Lewis Dale trial: Murder accused 'cannot remember' stabbing

Irene Dale Irene Dale, 78, was killed at her home in Hull in April

Related Stories

A teenager accused of killing his grandmother has told Hull Crown Court he cannot remember attacking her because he was high on drugs.

Irene Dale, 78, and her husband Allan Dale, 80, were stabbed in bed at their home in Hull in April.

Their grandson Lewis Dale, 17, has admitted stabbing his grandparents but denies murder and attempted murder.

He told the court that he was "scared" and claimed he was suffering from hallucinations during the attack.

Mr Dale admitted he regularly used the drug mephedrone, or M-Cat. which had led him to become "paranoid".

He said at the time of the attack he thought he was in danger and was being followed by members of the US military.

When asked how he felt about the attack he said: "I feel like I don't deserve to be on this planet.

"I know it wasn't me as a person who could do a thing like that."

He said he could remember entering his grandparents bedroom but nothing else after that apart from a memory of throwing down a knife and hearing the screams of a woman.

Mr Dale was living with his grandparents on Summergangs Road at the time of the attack.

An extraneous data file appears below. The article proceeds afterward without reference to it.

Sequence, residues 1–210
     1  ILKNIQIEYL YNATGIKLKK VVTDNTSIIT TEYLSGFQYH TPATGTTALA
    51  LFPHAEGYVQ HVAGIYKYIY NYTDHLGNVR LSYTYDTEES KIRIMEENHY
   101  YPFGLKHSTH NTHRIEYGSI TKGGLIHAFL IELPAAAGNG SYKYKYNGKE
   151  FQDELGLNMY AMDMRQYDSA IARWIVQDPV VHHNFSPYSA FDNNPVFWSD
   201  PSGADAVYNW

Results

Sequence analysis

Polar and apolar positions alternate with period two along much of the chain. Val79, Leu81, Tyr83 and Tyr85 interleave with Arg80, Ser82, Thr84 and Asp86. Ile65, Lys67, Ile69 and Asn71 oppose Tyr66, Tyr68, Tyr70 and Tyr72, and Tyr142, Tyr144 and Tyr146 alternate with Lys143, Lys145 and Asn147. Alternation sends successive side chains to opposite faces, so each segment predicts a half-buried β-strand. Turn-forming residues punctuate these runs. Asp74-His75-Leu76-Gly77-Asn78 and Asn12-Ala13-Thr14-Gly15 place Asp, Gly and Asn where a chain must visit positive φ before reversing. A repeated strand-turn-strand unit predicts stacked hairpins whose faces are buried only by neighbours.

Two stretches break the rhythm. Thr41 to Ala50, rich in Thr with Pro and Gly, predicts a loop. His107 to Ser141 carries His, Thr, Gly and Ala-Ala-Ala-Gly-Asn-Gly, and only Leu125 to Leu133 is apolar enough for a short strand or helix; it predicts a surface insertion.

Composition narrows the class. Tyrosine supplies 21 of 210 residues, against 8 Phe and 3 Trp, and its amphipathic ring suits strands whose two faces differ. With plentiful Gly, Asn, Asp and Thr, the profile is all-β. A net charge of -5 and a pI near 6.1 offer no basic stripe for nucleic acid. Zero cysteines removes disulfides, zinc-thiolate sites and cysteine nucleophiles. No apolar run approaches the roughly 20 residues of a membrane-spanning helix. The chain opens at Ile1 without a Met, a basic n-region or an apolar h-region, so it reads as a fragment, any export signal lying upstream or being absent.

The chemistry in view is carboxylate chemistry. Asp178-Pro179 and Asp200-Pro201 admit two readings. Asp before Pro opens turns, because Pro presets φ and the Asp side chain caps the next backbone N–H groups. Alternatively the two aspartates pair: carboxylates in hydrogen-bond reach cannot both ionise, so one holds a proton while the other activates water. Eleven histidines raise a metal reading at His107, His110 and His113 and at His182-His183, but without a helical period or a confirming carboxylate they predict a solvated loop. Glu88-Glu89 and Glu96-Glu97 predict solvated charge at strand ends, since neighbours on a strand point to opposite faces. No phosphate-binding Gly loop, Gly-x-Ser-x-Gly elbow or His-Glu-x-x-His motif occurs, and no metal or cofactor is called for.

Giving evidence on Wednesday, Allan Dale described his grandson's behaviour during the attack as being like Norman Bates from the Alfred Hitchcock film Psycho.

The trial continues.

More on This Story

Related Stories

The BBC is not responsible for the content of external Internet sites

BBC Radio Humberside

Weather

Hull

15 °C 7 °C

Features

  • Spanner CrabEdible images

    Are these the best food photographs of the past year?


  • Beckford's TowerFolly or fact?

    The unlikely debt capital of Britain


  • European starlingBird-brained

    How 60 starlings multiplied into a nightmare flock of 200 million


  • Observatory in Chile with sun in the backgroundStar struck

    Why tourists are flocking to Chile's observatories


  • Two people using sign language Signing out

    The decline of regional dialects for the deaf


BBC © 2014 The BBC is not responsible for the content of external sites. Read more.

This page is best viewed in an up-to-date web browser with style sheets (CSS) enabled. While you will be able to view the content of this page in your current browser, you will not be able to get the full visual experience. Please consider upgrading your browser software or enabling style sheets (CSS) if you are able to do so.